Over the centuries, popular perceptions of Myanmar, formerly known as Burma, have been remarkably consistent. The mental pictures of the country formed in Europe, North America and elsewhere have invariably been of a land of golden pagodas, swaying palms and rich gemstones, populated by demure "Burma girls" and colorful "hill tribes." Even when various wars painted a darker picture, and the crimes of Myanmar's military regimes became well known, such romantic notions were hard to shift.
These idealized images developed over many years and in many ways. Particularly during the colonial period (1824-1948), Western populations relied heavily on picture postcards and illustrated magazines for their knowledge of the country and its people. They also drew on stories in newspapers and, to a lesser extent, novels and artworks. Others heard about it through popular entertainments, such as musical revues, and formed their views accordingly.
The impact of popular culture on international attitudes towards Myanmar is now receiving greater attention from scholars. However, one source of stereotypical views is often overlooked, namely trade and trading cards. These small illustrated slips of pasteboard have been powerful vectors of images about Myanmar, its people and place in the wider world. They have not only reflected views of the country commonly held by Westerners, but have also helped shape them.
Trade cards have a long history. Before the advent of daily newspapers and national magazines, they were a common form of advertising. They came into their own in the 1800s, when the development of lithographic printing techniques made it possible to mass produce cards in color. They typically had an illustration on one side and a printed text on the other, and were included in containers of produce.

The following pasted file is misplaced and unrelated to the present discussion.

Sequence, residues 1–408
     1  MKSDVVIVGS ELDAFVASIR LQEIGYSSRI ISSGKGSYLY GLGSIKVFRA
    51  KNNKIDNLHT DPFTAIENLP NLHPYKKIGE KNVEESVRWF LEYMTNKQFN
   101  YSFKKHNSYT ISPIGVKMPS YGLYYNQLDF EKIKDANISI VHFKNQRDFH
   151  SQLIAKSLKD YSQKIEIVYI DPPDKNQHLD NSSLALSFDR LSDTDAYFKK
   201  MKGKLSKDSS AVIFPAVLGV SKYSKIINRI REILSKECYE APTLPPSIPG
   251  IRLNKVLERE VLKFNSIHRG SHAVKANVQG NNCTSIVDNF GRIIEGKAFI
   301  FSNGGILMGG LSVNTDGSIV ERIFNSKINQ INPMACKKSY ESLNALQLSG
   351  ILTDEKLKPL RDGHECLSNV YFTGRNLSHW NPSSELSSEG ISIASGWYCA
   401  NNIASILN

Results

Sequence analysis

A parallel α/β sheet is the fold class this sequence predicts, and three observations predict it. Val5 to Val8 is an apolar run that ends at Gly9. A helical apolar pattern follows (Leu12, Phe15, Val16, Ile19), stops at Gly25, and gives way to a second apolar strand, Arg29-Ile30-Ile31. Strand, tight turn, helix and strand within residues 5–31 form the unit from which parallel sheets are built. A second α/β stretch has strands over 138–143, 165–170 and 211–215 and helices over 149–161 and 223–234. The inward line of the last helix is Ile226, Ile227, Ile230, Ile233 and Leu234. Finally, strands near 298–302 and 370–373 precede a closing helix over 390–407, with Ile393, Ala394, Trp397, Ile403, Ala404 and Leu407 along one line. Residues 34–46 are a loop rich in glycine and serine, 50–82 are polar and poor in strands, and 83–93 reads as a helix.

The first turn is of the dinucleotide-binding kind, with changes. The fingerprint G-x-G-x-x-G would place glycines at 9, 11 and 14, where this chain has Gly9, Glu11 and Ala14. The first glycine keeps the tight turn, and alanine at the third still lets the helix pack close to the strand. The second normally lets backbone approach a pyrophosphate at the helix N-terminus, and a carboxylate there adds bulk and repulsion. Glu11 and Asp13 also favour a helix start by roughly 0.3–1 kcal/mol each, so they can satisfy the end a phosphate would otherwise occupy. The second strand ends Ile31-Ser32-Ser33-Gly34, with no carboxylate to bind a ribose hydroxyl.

During the late 19th century, businesses in Western countries began issuing series of numbered cards with specific themes. They were intended to promote sales by encouraging people to acquire complete sets, if necessary by swapping duplicates with other collectors -- hence the generic term "trading cards." There were many variants, but of particular note were cards used to stiffen soft packets of cigarettes. These soon became known as "cigarette cards."
By the 1930s, card collecting was an international phenomenon, with hundreds of millions of cards being produced annually, in many countries. Special albums were often provided in which to store them. Rare examples now fetch millions of dollars at auction.
At first, trading cards were cheaply produced and carried simple messages. As their influence grew, however, they became more sophisticated. Some were printed on silk. There were even cigarette cards based on "real photographs." One set produced by Cavanders of London was entitled "Peeps Into Many Lands." Released in 1927 and 1928, these cards could be viewed through a stereoscope. The set included several scenes of colonial Burma.
Flags and celebrities